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It's really easy to damage your teeth.

Each year, many people suffer damage to their teeth and gums, not as a result of traumatic injury, but because of poor dental hygiene or by putting things in their mouths that do not belong there. Doug Hall, assistant professor of periodontics at the University of Oklahoma Health Sciences Center, explains that most individuals know sugar is bad for their teeth, but few realize that constantly chewing on things such as paper clips, pens, or other foreign objects can cause oral health problems. He cites four ways people can harm the health of their mouth:

* Oral habits can play a big part in causing damage to teeth and gums. People who chew on things usually place the items at the same place in the mouth each time. This can cause wear not only on the teeth, but also to the gum line, which eventually will pull away from the tooth."

* "Things which cause erosion, such as citrus drinks, for example, are very bad for the teeth. Anything which is acidic may alter tooth surfaces. People who drink a lot of citrus juices may think they are being healthy, but they also may be causing unseen damage to their teeth, and even their gums."

* "People who take certain medications are in danger of damaging their teeth. Many medicines cause dry mouth by reducing the amount of saliva, which acts as a natural flushing process. Proper saliva flow and saliva composition are important to help maintain gum and tooth integrity."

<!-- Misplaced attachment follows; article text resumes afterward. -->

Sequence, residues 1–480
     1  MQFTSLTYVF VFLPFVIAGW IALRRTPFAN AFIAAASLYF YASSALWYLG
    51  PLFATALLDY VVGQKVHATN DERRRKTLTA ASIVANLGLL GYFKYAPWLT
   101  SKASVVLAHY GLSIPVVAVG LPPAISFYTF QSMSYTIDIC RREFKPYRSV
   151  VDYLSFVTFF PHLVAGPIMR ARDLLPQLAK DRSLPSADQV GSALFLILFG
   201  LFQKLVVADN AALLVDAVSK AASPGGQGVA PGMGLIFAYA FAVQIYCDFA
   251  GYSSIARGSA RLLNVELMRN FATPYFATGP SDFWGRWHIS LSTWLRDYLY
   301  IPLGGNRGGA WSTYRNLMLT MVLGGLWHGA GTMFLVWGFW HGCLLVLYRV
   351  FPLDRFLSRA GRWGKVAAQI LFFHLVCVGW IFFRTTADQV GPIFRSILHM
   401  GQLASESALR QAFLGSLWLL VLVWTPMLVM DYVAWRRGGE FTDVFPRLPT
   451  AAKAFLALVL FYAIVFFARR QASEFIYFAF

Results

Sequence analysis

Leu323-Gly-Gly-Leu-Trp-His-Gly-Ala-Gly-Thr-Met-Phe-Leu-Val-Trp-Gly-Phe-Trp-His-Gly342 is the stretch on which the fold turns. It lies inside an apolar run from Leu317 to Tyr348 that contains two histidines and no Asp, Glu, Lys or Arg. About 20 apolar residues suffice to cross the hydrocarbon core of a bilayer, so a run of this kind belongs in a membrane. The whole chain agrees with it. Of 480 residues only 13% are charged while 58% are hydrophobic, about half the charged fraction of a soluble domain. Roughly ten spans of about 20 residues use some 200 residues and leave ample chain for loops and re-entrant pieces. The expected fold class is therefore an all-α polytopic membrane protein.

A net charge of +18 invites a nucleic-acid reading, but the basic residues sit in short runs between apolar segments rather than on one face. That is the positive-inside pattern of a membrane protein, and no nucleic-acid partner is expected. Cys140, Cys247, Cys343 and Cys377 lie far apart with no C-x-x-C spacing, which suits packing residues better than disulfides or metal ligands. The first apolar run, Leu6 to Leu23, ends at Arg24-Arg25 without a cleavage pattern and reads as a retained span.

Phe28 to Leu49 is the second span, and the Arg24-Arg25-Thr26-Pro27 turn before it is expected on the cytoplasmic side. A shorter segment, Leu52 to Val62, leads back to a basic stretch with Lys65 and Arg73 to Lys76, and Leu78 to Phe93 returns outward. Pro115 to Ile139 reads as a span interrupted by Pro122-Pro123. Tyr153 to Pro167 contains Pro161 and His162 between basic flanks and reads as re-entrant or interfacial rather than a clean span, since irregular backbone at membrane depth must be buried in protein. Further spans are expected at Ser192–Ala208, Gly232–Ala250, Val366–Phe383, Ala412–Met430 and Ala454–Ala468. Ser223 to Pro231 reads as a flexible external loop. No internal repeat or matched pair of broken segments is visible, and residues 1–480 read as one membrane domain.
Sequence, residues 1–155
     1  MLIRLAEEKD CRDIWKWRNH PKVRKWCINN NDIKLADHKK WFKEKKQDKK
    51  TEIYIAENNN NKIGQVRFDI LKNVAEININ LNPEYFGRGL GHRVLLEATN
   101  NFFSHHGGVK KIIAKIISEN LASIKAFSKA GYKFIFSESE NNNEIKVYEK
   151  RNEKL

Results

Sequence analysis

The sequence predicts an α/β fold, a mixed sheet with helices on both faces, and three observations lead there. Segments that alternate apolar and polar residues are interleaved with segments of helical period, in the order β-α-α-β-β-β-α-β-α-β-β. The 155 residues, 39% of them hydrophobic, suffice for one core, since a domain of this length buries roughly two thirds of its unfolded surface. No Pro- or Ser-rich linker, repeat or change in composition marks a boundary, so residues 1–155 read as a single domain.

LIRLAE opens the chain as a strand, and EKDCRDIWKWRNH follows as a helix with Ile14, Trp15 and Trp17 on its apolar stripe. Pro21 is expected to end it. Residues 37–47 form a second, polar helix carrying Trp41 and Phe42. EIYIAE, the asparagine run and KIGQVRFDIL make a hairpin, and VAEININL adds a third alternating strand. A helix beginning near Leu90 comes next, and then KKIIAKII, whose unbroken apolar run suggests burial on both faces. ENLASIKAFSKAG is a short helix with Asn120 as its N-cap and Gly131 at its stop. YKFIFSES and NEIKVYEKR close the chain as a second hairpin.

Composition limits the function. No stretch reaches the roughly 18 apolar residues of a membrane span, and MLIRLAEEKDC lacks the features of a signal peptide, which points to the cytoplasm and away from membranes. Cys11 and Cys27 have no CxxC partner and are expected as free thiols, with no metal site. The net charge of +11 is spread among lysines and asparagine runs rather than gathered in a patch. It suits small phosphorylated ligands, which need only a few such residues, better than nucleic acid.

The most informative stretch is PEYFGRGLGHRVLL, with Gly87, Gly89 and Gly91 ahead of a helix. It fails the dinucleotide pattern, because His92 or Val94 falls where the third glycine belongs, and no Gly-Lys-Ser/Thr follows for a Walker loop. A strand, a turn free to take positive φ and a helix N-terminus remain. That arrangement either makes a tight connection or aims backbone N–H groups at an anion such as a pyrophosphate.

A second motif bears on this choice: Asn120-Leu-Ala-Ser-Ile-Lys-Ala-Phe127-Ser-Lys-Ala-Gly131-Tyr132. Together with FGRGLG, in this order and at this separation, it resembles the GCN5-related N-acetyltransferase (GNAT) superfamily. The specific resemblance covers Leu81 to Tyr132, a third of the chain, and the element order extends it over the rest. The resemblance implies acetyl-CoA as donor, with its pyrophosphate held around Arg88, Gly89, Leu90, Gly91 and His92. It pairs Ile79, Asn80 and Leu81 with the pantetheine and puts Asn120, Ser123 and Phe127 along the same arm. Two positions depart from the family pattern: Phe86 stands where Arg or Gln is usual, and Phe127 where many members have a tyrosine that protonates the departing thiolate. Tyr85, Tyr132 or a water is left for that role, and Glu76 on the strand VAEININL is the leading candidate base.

* "When [individuals] can't get to a brush and toothpaste, they should rinse their mouth vigorously after a meal, particularly when they eat out. They should use water and really swish to help remove any material from between the teeth. Also, people should use a circular motion when they do brush their teeth, and a soft bristle brush is preferred. Using a hard bristle brush or improper motion actually can drive some of the gum away, and in time may affect the tooth structure itself."
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Publication:USA Today (Magazine)
Date:Aug 1, 1993
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